The Two Nation Theory based on religion identity got defeated. Religion could no longer remain the binding force for two Pakistans to remain united. Bengalis living in East Pakistan declared themselves independent from West Pakistan
Children do you know that December 16th, is the 45th anniversary of the 1971 India–Pakistan war. The only war that the independent Indian Army planned, executed and carried out with precision and captured 93,000 prisoners. The 1971 war gave birth not only to Bangladesh but Pakistan was forced to sign the Shimla Pact laying down the peace principles governing Indo-Pak relations. The Accord also converted the 1949 UN Ceasefire Line into the Line of Control (LoC) between India and Pakistan. Only two such surrenders have happened in the world, one in Leningrad and another one in Bangladesh.All this happened because our army heroes. Far from home and loved ones, these heroes sacrificed their own lives so the entire nation can sleep in peace. The stories of their courage and passion are larger than life. Children they are legends and their tales will not just make your chests swell with pride, but will also leave your eyes moist.
A lot of soldiers took part in the war and sacrificed their lives. We salute their indomitable spirit and valour. Following are two soldiers of the Indian army who are remembered for their sterling performance in the war.
Major General Ian Cardozo, who has many achievements to his name, will always be known for his immense courage shown in the 1971 war. He was, at that time, a young major with 5 Gorkha Rifles. During the war, he stepped on a landmine and severely injured his leg. When even the doctor could not cut his leg, Cardozo asked for a khukri (the Gorkha knife) and cut his own leg off, saying, “Now go and bury it!”The incident did not deter Cardozo from going on to serve his country. Through sheer willpower and determination, he continued to perform his duties as a soldier and became the first disabled officer in the Indian Army to command an infantry battalion and a brigade. In spite of not being physically at par with other officers, he defeated many ‘two-legged’ soldiers to come first in many fitness tests during his stint in the army.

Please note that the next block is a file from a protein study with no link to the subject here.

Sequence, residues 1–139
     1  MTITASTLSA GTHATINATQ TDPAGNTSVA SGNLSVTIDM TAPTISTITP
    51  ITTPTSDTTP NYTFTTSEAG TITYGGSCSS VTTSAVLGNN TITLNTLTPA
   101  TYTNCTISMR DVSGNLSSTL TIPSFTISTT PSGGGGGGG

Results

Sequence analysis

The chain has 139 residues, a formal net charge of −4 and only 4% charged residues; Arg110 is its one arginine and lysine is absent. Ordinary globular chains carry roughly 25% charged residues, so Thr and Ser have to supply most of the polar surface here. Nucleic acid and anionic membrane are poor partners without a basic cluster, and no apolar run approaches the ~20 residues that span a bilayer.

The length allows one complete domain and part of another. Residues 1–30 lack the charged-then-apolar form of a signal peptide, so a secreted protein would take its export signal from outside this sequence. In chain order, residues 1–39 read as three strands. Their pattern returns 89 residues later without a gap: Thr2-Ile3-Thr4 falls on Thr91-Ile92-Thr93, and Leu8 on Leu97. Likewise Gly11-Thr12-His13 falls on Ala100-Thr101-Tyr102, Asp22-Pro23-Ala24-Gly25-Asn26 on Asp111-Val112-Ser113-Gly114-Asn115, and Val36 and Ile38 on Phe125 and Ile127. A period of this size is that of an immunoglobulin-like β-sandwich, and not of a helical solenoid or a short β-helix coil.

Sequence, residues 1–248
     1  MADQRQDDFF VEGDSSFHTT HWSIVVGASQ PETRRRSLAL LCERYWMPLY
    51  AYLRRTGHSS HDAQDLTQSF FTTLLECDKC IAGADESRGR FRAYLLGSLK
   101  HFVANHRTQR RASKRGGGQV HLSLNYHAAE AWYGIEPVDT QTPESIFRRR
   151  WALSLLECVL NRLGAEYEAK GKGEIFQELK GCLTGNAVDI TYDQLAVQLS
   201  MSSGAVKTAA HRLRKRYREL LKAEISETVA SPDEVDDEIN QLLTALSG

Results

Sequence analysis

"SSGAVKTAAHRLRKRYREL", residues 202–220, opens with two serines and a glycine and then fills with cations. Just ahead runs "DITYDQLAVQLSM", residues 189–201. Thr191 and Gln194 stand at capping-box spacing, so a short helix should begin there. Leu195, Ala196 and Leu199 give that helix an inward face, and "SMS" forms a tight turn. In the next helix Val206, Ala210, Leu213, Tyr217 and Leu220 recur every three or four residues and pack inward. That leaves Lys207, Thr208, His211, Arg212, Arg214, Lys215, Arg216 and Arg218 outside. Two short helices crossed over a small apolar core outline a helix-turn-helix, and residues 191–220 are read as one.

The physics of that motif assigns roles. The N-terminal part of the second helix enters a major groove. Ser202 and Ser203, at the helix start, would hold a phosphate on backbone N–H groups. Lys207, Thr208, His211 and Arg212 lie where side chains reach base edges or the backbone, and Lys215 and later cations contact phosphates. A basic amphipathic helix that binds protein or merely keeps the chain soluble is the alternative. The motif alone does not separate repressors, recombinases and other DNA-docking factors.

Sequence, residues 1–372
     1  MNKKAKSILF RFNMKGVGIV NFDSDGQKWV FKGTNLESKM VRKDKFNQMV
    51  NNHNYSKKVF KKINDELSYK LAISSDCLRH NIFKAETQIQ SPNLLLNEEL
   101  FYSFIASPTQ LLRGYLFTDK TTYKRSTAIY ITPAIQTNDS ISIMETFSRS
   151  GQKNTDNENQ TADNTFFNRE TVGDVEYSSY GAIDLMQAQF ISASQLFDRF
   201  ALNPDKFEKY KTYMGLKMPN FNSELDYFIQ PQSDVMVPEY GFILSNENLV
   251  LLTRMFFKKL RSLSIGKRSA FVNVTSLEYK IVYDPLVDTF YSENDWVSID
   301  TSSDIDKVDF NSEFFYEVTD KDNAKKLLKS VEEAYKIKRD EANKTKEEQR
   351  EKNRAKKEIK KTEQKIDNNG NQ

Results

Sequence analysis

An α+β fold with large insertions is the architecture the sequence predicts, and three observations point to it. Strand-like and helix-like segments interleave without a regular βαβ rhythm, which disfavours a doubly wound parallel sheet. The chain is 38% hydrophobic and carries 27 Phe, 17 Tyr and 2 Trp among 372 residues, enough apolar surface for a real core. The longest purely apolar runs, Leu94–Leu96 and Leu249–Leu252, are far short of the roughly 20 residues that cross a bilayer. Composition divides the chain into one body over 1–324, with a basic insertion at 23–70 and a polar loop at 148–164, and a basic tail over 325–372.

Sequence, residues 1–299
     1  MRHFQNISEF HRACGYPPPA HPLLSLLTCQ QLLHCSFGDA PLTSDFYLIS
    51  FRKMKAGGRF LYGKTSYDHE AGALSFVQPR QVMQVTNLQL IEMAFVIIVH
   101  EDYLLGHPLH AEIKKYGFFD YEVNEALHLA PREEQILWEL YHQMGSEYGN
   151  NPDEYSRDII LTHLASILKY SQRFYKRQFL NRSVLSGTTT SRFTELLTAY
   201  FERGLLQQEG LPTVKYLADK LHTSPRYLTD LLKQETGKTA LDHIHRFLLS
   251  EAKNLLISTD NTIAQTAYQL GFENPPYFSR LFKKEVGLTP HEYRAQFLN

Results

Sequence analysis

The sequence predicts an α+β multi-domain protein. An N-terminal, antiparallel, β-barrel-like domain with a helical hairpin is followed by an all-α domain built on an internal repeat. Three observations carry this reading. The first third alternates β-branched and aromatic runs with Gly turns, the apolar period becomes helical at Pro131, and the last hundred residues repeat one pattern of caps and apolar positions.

2nd Lieutenant Arun Khetarpal of the 17 Poona Horse regiment is yet another braveheart who died at the age of 21.Born in Pune ,he died in the Battle of Basantar during the Indo-Pakistan War of 1971, where his brave actions earned him the ParamVir Chakra posthumously. Khetarpal showed immense courage and strong will when Pakistani armour, which was superior in strength, counterattacked at Jarpal, in the Shakargarh sector, in December, 1971. Though Khetarpal was in a different squadron, he rushed to help, moving towards the enemy, overrunning the defences with his tanks, and capturing Pakistani infantry and weapons.When the commander of his troop was killed, Khetarpal continued to attack the enemy fiercely until the latter’s tanks started pulling back. But the enemy reformed their armour and prepared for a second attack. This time they targeted the sector held by Khetarpal. The attack was severe and swift. Khetarpal was wounded but managed to hit ten enemy tanks. He was asked to abandon his tank but realised that if he left it the enemy would break through. He fought courageously and destroyed another enemy tank. But then his own tank received another hit, which resulted in the death of this courageous officer.
Why is it important to remember 1971?